ESPN Network: | | | NASCAR | | | ABCSports | EXPN | FANTASY | INSIDER

 Track & Field
 More Sports   

 Message Board

Tuesday, September 19
More marketing disaster than success

It's not easy being an Olympic mascot. Especially within the last eight years, as animals, people and whatizits have been more representative of marketing disasters than the spirit of the Olympic Games.
Here's Izzy, the affable mascot of the 1996 games. Anyone know what Izzy is? Neither do we.

Mascots have been intimately connected to the Olympics since 1968 in Grenoble, France, when Schuss, a skier with rings on his head, emerged as the unofficial mascot. In 1972, Waldi the Dachsund was the first official Olympic mascot. Waldi was presented as a plastic figurine and was abundant on stickers, posters and buttons. Waldi even reached the ultimate symbol of mascot stardom -- the plush doll.

Since Waldi, animal mascots have outnumbered people mascots 4-to-1. There has been another dog, a beaver, a raccoon, a bear, polar bears, a wolf, an eagle, a tiger, owls, and -- to provide some Australian flavor to this year's games -- a kookaburra, a platypus and an echidna. So, thanks to this year's Olympics -- if all goes well -- American children will be asking their parents for pet echidnas. Or is that echidnai?

Olympic mascots had a great run from 1976 to 1984 -- from Schneemann (the mascot of the 1976 winter games at Innsbruck), a snowman whose design was way ahead of his time, to Uncle Sam, a bald eagle that held an Olympic torch (used in the 1984 Summer Games at Los Angeles). Misha the Bear (Moscow, 1980) and Voochko the Wolf (Sarajevo, 1984) were mascots you actually would want to take home with you.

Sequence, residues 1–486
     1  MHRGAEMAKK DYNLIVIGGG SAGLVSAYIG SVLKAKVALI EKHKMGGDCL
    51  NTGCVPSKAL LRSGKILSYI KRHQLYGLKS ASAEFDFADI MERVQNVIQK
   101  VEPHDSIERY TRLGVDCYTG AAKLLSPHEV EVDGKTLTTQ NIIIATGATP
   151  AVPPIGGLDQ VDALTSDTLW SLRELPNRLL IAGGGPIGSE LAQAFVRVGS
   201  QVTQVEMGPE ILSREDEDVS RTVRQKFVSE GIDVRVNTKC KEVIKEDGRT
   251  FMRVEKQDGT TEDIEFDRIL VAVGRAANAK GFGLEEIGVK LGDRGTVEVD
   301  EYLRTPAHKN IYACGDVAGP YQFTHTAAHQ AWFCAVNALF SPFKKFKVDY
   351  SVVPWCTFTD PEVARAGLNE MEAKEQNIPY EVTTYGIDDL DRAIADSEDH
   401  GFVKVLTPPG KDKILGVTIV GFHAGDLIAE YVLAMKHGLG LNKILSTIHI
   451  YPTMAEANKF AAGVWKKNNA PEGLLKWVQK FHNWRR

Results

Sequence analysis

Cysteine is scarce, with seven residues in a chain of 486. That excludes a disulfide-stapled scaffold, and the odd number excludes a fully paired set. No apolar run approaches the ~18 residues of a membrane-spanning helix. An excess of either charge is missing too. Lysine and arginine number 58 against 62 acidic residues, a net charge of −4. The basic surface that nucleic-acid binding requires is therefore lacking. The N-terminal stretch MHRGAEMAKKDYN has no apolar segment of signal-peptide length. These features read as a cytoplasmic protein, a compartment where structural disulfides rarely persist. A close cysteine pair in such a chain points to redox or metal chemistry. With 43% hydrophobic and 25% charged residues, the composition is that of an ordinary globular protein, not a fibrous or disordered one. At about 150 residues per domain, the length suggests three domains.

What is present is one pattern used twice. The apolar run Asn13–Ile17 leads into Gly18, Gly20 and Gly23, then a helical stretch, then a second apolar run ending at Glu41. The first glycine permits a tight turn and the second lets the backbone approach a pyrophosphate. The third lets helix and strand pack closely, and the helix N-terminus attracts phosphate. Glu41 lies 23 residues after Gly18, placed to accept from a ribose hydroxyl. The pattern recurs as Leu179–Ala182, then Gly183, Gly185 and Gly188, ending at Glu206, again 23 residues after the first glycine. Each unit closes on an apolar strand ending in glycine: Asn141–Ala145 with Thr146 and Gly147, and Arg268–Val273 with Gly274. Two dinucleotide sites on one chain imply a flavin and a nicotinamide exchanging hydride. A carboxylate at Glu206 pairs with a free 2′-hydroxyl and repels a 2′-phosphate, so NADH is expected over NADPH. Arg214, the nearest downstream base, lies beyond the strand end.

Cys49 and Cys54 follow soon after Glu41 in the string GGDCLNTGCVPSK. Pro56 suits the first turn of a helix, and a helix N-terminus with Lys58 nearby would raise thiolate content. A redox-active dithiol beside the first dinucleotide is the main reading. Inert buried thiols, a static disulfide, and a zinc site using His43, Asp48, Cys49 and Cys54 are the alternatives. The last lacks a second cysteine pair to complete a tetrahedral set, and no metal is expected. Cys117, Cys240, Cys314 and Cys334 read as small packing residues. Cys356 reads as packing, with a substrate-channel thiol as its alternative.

A mascot is defined as a person, animal or object adopted by a group as a symbolic figure, especially to bring them good luck. But by 1988, the word redefined itself. Indeed, something had gone wrong in Olympic mascot land. Immense merchandising and more attention also meant more pressure to be a hit. The 1988 Summer Games in Seoul featured Hodori, a friendly tiger. Hodori was easily recognized. A life-size version walked the Olympic grounds. Yet his female counterpart, Hosuni, was rarely seen. So much for the concept of politically correct in the mascot world.

Calgary's mascots, polar bears Hidy and Howdy, passed without much fanfare in 1988 -- somewhat like the games themselves.

But by 1990, the mascot jinx was in full effect when the originally created mascot for the Winter Games in Albertville -- Chamois the mountain goat -- was scrapped for Magique, the snow imp, which didn't exactly have fans running to the souvenir shops, either.

Worst Olympic mascots
1. Amik (the Beaver) 1976 Summer Games, Montreal -- Probably should have spent more than five minutes designing this one.
2. Magique (the Snow Imp) 1992 Winter Games, Albertville -- Someone actually scrapped another idea for this gem?
3. Izzy (no idea what it was) 1996 Summer Games, Atlanta -- The "Pat" of Olympic Mascots.
4. Sukki, Nokki, Lekki and Tsukki (the Snow Owls) --1998 Winter Games, Nagano -- Owls across the world are insulted.
5. Hidi and Howdy, 1988 Winter Games, Calgary -- Will someone please call Gund?

--Darren Rovell

Cobi actually made it from the drawing board to the games in Barcelona in 1992, but wasn't really noticed until halfway through the games. He eventually rallied and parleyed his fame into his own TV show in Spain. Hey, not bad for a surreal dog.